Electronic Frontier Foundation’s “Stupid Patent of the Month”
The Electronic Frontier Foundation has taken on a new project in an effort to emphasize the need for patent reform.
Patent legislation may be in a temporary standstill, but the Supreme Court’s recent ruling in Alice Corp v CLS Bank regarding “abstract software patents” proved to be a significant step in the right direction. In a unanimous decision, the Supreme Court found the Alice patents (regarding a method for mitigating settlement risk) in question invalid, noting that “’upholding the patent would pre-empt use of this approach in all fields, and would effectively grant a monopoly over an abstract idea.’”
The EFF and others in support of patent reform seem pleased with the decision, hoping that it will set an example for other cases to come. In addition, the EFF has implemented a new blog series titled “Stupid Patent of the Month” in order to showcase recently issued patents that it finds “vague,” “overbroad” and just plain dumb.
This month’s spotlight is on U.S. Patent No. 8,762,173 titled “Method and Apparatus for Indirect Medical Consultation.” The newly issued patent essentially refers to a doctor’s computer-secretary, capable of calling a patient, relaying patient information to a doctor, and entering patient information into a computer system.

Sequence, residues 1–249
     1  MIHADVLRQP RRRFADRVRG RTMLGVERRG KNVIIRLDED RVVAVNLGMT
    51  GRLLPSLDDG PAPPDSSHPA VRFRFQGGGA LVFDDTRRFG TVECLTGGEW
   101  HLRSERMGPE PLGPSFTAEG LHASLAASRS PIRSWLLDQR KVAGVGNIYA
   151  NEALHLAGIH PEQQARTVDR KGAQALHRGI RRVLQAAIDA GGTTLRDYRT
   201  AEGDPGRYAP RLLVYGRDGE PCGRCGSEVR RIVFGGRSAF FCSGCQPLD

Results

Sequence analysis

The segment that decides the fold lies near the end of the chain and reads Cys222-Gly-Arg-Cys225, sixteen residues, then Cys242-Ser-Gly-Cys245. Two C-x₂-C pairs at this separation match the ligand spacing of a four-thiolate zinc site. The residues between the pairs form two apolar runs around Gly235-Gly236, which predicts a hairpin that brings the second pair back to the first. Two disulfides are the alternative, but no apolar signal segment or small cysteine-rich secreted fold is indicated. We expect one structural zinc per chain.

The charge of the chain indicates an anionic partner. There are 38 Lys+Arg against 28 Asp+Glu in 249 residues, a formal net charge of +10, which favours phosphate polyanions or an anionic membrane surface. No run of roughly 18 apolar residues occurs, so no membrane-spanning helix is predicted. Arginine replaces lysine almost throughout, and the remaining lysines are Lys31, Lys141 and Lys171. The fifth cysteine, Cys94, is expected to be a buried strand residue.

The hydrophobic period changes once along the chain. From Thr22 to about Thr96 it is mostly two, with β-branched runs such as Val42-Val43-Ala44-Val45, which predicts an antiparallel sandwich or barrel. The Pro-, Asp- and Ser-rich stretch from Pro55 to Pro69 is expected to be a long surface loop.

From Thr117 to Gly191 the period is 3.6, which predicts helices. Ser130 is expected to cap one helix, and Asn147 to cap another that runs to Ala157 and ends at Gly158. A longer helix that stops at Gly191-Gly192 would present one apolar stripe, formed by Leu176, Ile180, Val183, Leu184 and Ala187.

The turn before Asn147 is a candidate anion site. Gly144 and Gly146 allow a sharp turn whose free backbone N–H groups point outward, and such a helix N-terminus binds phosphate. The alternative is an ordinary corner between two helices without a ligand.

The EFF notes in its blog entry that this patent is not much different than the one invalidated by the Alice Corp v. CLS Bank decision, and states that “This is a stupid patent… It is important to remember that stupid patents like these can do real harm.” The Foundation hopes that its latest series will serve as an important reminder as to why patent reform is so necessary and show people just how many abstract patents are slipping through the system.
In its introductory entry, the EFF states that “There are so many stupid patents…We wish we could catalog them all, but with tens of thousands of low-quality software patents issuing every year, we don’t have the time or resources to undertake that task.”